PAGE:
Other Considerations and Building Materials
Did You Know?
- Antimicrobials common in many building products contribute to antibiotic resistance in the very microbes they are designed to kill.
- Spray Foam Insulation, coveted for its energy-saving ability, contains isocyanates and amine, which are potent asthmagens, as well as toxic flame retardants and organotin catalysts.
- Polyvinyl chloride (PVC) is one of the most commonly used materials in building products in the world, and one of the most toxic to manufacture. It is in the same chemical family as DDT, and can take as long as 200 years to biodegrade.
- Wallboard often uses “recycled” fly ash from coal plants as a main ingredient, which contains toxic minerals and heavy metals such as asbestos, cadmium, lead, and mercury. When purchasing wallboard, use products with the lowest recycled content available.
Other Considerations and Building Materials
Antimicrobial chemicals have become common in building products. Most consumers believe they kill germs and viruses that cause illness. They are frequently found in carpets, concrete, countertops, door handles, light switches and covers, paints, tile, toilets and toilet seats, wall paper, and wood products. However, while antimicrobials are effective as biocide preservatives in products such as paint, there is no evidence antimicrobials are effective in creating better health. There is, rather, evidence that they can cause harm. (Perkins+Will, Understanding Antimicrobial Ingredients in Building Materials, March 2017. )
These chemicals are overtly toxic to people in sufficient doses, and even in small quantities can sometimes contribute to chemical sensitivity. When they leach from the material they are applied to through cleaning water, antimicrobials find their way to the wastewater supply and eventually the environment when treated sewage effluent is returned to waterways. This adversely affects aquatic life, and also people downstream who drink the treated water. Both triclosan and silver nanoparticles are appearing in increasing amounts in waterways and in human tissue samples, in part because they are commonly used in household products and building materials. Antimicrobials can also become airborne and harm indoor air quality.
Most worrisome is that antimicrobials are believed to contribute to antibiotic resistance in the very microbes they are designed to kill. Since these chemicals are not lethal to every single germ, germs that survive develop resistance and pass this trait on to their progeny.
Consumers should avoid these chemicals to the greatest extent possible by avoiding the purchase of building materials boasting antimicrobials as a selling point. People will pay dearly with cost premiums and environmental and health risks while getting no real added health benefits.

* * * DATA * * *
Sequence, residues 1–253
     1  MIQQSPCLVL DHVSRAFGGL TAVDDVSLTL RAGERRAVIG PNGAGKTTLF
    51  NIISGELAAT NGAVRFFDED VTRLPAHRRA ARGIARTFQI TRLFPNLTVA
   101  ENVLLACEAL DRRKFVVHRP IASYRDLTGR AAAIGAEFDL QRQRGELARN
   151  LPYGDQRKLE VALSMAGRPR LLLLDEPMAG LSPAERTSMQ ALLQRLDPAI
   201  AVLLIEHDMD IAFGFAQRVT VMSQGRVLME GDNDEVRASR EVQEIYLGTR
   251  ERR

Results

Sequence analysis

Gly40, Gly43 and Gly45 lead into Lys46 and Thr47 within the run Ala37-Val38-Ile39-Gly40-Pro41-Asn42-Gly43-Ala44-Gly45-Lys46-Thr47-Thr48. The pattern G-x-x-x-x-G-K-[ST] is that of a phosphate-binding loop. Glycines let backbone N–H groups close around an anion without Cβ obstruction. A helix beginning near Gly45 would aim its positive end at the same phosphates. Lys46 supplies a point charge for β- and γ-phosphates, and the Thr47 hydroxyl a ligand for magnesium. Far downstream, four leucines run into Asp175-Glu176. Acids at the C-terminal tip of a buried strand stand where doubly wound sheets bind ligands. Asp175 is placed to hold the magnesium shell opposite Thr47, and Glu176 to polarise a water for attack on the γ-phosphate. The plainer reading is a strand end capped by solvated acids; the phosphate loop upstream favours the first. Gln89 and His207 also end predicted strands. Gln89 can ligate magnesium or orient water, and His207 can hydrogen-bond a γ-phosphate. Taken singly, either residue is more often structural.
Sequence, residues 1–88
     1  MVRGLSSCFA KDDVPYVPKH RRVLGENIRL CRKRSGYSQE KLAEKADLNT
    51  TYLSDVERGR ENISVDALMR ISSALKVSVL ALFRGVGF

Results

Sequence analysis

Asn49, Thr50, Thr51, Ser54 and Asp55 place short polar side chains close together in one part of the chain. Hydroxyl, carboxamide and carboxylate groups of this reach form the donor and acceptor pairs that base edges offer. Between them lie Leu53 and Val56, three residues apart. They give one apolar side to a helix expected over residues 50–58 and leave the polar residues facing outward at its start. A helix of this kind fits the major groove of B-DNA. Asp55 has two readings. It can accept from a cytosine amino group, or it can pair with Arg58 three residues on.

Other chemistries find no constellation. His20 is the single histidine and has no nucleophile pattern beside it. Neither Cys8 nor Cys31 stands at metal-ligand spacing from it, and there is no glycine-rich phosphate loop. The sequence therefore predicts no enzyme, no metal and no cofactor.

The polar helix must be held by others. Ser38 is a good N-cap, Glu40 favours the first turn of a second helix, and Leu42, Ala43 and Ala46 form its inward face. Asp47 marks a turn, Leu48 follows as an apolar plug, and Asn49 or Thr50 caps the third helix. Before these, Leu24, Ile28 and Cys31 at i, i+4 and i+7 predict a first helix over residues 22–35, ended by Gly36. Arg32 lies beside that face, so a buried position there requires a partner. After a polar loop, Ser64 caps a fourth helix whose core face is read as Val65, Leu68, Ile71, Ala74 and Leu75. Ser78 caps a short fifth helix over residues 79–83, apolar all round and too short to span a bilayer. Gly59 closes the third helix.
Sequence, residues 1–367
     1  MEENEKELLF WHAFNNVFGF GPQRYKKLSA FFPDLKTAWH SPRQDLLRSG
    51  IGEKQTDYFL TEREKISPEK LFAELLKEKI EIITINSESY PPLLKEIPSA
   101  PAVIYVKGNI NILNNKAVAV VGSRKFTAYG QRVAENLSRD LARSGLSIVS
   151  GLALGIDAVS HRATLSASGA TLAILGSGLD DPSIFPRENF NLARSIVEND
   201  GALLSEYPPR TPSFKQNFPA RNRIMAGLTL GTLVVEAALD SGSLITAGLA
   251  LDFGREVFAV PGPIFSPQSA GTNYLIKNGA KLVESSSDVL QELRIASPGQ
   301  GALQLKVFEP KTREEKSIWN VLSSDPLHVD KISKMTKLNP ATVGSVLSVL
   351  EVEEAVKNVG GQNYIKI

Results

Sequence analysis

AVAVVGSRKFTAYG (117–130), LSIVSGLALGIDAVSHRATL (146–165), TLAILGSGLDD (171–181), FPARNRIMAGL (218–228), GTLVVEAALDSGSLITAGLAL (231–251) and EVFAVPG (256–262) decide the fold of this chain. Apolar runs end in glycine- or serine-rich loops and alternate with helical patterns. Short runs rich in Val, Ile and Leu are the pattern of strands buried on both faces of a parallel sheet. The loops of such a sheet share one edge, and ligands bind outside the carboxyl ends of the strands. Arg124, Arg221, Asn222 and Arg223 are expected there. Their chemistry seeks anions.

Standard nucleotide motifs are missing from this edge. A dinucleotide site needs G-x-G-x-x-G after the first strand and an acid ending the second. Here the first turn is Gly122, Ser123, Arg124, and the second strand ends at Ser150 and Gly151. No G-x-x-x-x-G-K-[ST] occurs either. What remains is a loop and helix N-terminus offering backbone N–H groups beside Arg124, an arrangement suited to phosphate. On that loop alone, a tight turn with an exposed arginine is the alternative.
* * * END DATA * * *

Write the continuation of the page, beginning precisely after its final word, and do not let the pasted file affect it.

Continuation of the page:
Though common insulation materials are not usually installed in the interior of a building, VOCs in them can offgas and adversely affect indoor air quality. Chemicals used in their manufacture can also harm workers exposed to them during installation.
Fiberglass and rockwool are mineral-based materials. Most residential fiberglass ceiling and wall insulation is relatively benign now that formaldehyde binders have been eliminated. There are some fiberglass-board duct liner products that are formaldehyde-free as well. Formaldehyde-free rockwool products are also entering the market.
Some people prefer cellulose and cotton insulation because they are renewable and biodegradable, However, both are treated with boric acid as a fire retardant. While less toxic than most other flame retardants on the market, in sufficient dosages, it is a developmental and reproductive toxin, endocrine disruptor, and organ toxicant.
Rigid-board or plastic-board insulation is typically used in new buildings as opposed to retrofit situations. Polyisocyanurate and polystyrene (expanded and extruded) are manufactured with fire retardants more toxic than boric acid. Expanded polystyrene also has pesticides in it to deter termites.
Spray foam insulation (SPF) combines an onsite two-part chemical combination of isocyanates and polyols with additives. It is the most hazardous of all insulation types. The implications of the chemical hazards contrast the material’s contribution to energy efficiency, since the use of SPF in wall cavities and under roof decks can turn homes into veritable thermoses that dramatically reduce heating and cooling needs.
But there is no getting around the chemical risks in SPF. Isocyanates and amine are potent asthmagens. Toxic flame retardants and organotin catalysts are also ingredients in spray foam. To add to these chemical concerns, a particular type of spray foam, “closed cell,” uses blowing agents manufactured with carbon tetrachloride, a fiendishly potent ozone depleting chemical.